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Distributed topology control for power efficient operation in multihop wireless ad hoc networks
, 2001
"... Abstract — The topology of wireless multihop ad hoc networks can be controlled by varying the transmission power of each node. We propose a simple distributed algorithm where each node makes local decisions about its transmission power and these local decisions collectively guarantee global connecti ..."
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Cited by 313 (20 self)
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Abstract — The topology of wireless multihop ad hoc networks can be controlled by varying the transmission power of each node. We propose a simple distributed algorithm where each node makes local decisions about its transmission power and these local decisions collectively guarantee global connectivity. Specifically, based on the directional information, a node grows it transmission power until it finds a neighbor node in every direction. The resulting network topology increases network lifetime by reducing transmission power and reduces traffic interference by having low node degrees. Moreover, we show that the routes in the multihop network are efficient in power consumption. We give an approximation scheme in which the power consumption of each route can be made arbitrarily close to the optimal by carefully choosing the parameters. Simulation results demonstrate significant performance improvements. I.
Analysis of a conebased distributed topology control algorithm for wireless multihop networks
 In ACM Symposium on Principle of Distributed Computing (PODC
, 2001
"... bahl~microsoft, corn ymwang~microsoft, corn rogerwa~microsoft, corn The topology of a wireless multihop network can be controlled by varying the transmission power at each node. In this paper, we give a detailed analysis of a conebased distributed topology control algorithm. This algorithm, intr ..."
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Cited by 134 (9 self)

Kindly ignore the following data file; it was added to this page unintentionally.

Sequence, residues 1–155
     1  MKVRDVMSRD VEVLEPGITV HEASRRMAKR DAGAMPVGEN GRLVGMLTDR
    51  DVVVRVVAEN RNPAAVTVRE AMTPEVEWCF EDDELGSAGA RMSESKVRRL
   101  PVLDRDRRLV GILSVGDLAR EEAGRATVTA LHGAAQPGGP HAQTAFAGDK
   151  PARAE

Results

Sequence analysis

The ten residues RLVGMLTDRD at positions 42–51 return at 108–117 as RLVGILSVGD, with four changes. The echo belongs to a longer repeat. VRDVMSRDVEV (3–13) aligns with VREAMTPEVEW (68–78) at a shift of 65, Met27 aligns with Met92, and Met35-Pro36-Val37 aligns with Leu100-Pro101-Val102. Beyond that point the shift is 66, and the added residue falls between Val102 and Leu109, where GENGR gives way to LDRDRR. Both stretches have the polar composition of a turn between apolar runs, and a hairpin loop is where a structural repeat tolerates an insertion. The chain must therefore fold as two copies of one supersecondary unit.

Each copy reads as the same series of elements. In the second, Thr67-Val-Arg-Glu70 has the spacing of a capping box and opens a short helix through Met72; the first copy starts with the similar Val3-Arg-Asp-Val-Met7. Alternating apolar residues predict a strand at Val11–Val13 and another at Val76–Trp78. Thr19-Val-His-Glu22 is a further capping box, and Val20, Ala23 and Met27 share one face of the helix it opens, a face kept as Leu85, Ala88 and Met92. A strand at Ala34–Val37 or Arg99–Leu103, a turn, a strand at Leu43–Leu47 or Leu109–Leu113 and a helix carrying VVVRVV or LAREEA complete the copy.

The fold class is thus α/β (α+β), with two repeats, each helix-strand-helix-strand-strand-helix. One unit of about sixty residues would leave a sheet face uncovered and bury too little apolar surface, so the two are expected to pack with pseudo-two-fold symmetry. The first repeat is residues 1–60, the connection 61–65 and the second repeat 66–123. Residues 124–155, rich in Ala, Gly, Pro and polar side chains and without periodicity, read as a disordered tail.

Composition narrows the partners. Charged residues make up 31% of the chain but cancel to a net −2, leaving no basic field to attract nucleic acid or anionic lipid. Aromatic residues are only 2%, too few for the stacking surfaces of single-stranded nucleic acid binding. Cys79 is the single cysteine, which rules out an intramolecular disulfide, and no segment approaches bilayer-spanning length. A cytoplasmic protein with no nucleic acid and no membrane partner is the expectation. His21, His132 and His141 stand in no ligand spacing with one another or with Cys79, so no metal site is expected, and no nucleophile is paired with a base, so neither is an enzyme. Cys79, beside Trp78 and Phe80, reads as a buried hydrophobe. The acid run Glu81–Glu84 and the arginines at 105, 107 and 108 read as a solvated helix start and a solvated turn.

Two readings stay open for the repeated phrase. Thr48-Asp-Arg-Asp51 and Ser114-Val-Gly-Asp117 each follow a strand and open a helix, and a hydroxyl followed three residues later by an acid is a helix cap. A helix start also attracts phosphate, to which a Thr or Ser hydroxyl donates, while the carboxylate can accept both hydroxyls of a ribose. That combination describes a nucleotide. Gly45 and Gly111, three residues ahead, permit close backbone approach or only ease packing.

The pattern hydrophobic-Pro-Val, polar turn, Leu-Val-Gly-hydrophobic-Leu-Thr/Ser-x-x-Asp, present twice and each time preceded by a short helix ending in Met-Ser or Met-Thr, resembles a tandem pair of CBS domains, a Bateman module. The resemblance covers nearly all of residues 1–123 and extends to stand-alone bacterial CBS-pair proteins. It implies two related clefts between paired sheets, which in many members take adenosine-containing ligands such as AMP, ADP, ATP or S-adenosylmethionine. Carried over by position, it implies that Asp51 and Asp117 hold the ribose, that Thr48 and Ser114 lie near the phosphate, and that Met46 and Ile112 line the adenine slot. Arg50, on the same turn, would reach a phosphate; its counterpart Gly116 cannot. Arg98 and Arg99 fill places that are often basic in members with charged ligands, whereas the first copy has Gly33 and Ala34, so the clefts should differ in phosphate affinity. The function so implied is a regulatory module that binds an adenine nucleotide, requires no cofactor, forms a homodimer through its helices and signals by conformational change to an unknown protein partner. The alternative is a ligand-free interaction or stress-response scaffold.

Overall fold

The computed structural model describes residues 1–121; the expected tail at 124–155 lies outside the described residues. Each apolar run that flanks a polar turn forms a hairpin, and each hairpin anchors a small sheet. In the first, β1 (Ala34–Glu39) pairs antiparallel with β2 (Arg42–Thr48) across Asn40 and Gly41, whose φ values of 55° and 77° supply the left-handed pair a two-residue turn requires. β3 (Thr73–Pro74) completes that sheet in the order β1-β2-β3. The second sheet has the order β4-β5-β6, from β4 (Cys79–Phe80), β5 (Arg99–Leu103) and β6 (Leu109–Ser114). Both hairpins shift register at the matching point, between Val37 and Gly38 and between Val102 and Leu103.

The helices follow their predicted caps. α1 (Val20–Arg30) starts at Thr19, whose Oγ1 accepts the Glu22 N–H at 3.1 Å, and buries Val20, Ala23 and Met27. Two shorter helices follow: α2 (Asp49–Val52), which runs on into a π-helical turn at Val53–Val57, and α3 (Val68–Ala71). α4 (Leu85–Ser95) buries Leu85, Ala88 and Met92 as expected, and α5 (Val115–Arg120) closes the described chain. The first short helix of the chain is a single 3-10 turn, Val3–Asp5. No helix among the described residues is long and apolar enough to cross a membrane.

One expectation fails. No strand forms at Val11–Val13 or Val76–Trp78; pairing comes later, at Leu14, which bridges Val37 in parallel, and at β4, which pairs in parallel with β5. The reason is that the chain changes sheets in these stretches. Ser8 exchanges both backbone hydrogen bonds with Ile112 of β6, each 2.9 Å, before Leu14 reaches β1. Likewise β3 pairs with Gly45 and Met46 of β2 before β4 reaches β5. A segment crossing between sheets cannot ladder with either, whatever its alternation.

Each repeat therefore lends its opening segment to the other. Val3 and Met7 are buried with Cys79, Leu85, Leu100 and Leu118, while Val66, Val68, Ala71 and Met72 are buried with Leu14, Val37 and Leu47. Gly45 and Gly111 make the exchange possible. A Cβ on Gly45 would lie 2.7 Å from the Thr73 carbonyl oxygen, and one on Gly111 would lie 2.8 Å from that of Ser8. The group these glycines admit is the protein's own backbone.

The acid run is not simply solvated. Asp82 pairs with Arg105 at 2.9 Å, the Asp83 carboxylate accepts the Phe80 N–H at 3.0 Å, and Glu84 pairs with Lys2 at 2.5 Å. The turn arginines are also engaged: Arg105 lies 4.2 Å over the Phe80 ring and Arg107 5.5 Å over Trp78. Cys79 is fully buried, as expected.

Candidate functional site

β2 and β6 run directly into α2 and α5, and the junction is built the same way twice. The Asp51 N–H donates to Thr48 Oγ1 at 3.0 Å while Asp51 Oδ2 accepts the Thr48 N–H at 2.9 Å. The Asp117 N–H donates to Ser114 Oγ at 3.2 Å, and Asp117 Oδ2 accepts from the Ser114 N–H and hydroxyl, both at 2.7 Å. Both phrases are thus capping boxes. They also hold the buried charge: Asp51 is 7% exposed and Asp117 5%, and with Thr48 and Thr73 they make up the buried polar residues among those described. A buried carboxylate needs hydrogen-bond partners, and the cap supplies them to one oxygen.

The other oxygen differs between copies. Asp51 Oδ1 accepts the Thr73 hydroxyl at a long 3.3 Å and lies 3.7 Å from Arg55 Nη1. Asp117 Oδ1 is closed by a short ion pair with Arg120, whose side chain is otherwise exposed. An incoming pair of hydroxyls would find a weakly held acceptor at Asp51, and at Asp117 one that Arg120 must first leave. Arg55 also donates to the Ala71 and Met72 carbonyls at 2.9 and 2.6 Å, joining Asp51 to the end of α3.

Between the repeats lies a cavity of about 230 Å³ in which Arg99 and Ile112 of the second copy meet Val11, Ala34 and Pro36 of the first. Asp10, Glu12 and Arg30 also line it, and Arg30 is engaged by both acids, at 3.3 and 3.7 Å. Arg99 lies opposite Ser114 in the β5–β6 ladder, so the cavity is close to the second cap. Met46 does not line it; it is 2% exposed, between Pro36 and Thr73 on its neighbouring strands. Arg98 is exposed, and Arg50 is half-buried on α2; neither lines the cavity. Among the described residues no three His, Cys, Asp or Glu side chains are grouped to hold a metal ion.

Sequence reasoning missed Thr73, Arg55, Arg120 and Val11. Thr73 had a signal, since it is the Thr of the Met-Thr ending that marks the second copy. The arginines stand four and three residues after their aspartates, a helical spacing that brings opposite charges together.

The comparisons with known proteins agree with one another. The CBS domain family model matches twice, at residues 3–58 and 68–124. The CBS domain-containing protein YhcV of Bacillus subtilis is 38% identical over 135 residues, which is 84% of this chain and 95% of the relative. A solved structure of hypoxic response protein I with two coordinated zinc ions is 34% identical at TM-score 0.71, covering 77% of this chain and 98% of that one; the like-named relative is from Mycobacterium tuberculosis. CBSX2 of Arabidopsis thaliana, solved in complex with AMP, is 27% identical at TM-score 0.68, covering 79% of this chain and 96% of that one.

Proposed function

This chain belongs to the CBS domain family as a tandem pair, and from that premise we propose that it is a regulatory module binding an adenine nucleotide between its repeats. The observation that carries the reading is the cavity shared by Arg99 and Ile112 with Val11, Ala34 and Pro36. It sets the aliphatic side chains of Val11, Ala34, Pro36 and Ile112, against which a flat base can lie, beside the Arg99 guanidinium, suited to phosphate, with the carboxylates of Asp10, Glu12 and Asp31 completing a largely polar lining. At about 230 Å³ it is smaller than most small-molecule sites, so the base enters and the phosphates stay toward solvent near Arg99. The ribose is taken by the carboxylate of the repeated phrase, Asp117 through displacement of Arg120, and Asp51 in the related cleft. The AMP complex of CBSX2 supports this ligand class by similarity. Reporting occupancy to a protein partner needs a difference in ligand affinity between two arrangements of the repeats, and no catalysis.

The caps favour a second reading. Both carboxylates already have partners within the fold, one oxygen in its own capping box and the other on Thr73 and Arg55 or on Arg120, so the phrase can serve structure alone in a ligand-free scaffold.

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bahl~microsoft, corn ymwang~microsoft, corn rogerwa~microsoft, corn The topology of a wireless multihop network can be controlled by varying the transmission power at each node. In this paper, we give a detailed analysis of a conebased distributed topology control algorithm. This algorithm, introduced in [16], does not assume that nodes have GPS information available; rather it depends only on directional information. Roughly speaking, the basic idea of the algorithm is that a node u transmits with the minimum power P~,,a required to ensure that in every cone of degree a around u, there is some node that u can reach with power Pma We show that taking a = 57r/6 is a necessary and sufficient condition to guarantee that network connectivity is preserved. More precisely, if there is a path from a to t when every node communicates at maximum power then, if a < _ 5~r/6, there is still a path in the smallest symmetric graph Ga containing all edges (u, v) such that u can communicate with v using power p~,a. On the other hand, if ~> 51r/6, connectivity is not necessarily preserved. We also propose a set of optimizations that further reduce power consumption and prove that they retain network connectivity. Dynamic reconfiguration in the presence of failures and mobility is also discussed. Simulation results are presented to demonstrate the effectiveness of the algorithm and the optimizations. 1.